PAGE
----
The scientific community is now concerned about the safety of their methods. Reports from specialists suggest that a killer whale died this spring because of a dart from scientists. They intended to place a tracking device on the great mammal. However, the dart seems to have led to an infection, causing the death of the animal.
Specialists at the The National Oceanic and Atmospheric Administration tried to gather more information on the population of killer whales. To do so, they had to track and monitor the animals. In February they found a pod and tried to tag one of the individuals. They knew it as L95, and it was a twenty-years-old orca male.
Scientists remember making several attempts of hitting the killer whale’s fin. They eventually succeeded but little did they know that they would hear from the whale quite soon. In March, the death of a killer whale was reported near the shores of Vancouver Island. L95 still had the dart attached to its fin.
One of the first reactions of biologists at NOAA was to stop using the darts for tagging animals. A recent autopsy showed that the dart allowed a fungus to spread an infection in the whale’s body. The orca was believed to be extremely healthy before the tracking initiative. The report was released earlier this week.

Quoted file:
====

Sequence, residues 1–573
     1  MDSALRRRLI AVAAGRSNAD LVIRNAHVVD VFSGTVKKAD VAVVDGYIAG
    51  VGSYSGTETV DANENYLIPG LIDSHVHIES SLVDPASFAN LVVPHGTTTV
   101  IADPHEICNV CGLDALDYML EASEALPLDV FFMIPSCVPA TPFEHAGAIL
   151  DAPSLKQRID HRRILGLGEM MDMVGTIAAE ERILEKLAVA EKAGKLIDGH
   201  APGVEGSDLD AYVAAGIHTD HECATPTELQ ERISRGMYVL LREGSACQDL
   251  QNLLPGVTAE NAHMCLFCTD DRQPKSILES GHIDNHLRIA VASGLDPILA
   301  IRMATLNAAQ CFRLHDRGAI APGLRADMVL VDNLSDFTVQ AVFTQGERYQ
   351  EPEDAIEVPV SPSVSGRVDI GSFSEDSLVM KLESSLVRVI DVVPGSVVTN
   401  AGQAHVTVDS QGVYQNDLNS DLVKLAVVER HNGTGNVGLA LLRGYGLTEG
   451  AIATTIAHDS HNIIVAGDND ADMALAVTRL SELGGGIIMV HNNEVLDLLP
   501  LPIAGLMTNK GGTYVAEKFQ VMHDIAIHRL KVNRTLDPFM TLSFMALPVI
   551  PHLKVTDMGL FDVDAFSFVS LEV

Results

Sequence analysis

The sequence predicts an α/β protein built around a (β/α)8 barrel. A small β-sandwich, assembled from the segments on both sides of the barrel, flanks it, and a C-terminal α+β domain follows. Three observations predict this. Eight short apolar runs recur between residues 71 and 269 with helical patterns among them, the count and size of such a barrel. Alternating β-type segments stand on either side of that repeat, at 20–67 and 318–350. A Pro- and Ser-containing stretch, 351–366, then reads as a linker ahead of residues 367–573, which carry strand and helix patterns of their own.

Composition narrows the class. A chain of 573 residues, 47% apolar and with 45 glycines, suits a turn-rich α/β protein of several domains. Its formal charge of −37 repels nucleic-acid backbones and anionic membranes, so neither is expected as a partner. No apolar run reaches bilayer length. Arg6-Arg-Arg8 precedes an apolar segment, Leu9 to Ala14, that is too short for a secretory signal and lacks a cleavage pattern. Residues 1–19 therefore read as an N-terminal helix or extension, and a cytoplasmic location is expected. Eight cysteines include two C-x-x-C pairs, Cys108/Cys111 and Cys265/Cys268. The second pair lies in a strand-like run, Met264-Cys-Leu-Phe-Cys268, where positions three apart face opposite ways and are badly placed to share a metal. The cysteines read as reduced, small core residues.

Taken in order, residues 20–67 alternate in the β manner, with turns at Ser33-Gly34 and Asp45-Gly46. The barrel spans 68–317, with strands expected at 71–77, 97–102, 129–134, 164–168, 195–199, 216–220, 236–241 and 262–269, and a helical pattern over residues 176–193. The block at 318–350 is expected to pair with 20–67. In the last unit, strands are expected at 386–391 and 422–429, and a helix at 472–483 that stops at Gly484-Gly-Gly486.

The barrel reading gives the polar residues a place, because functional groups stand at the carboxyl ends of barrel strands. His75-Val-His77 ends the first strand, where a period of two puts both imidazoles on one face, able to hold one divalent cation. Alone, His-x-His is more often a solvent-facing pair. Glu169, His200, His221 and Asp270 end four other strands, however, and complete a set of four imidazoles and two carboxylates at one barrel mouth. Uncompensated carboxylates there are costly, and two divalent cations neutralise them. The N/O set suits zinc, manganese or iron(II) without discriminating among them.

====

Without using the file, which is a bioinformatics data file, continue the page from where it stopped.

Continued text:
It seems like there was a slip about the way the biologists handled the procedure of shooting the dart at the killer whale. They missed initially, and then they used the same dart for the second shot. They took it out of the water and reintroduced it in the rifle without making sure it was sterile.
L95 was part of a quite small killer whale population. There were eighty-three individuals before its death. Scientists know that now there are only eighty-two left and that they contributed to the situation.
The satellite program was supposed to help researchers track endangered killer whales. Information on their whereabouts and migration habits would help scientists develop proper strategies to protect the animals. The method used with L95 was also used with more than fifty other killer whales, as well as other species two. The dart is supposed to fall off the animals’ body a few weeks or moths after being implanted. No other similar cases occurred.
Officials at NOAA announced that no endangered whale would be submitted to the dart tagging method. They also intend to reanalyze all their methods of tracking animals. They want to make sure that no other action from them will stand as a threat to the species that they want to defend and protect.
Image courtesy of: Flickr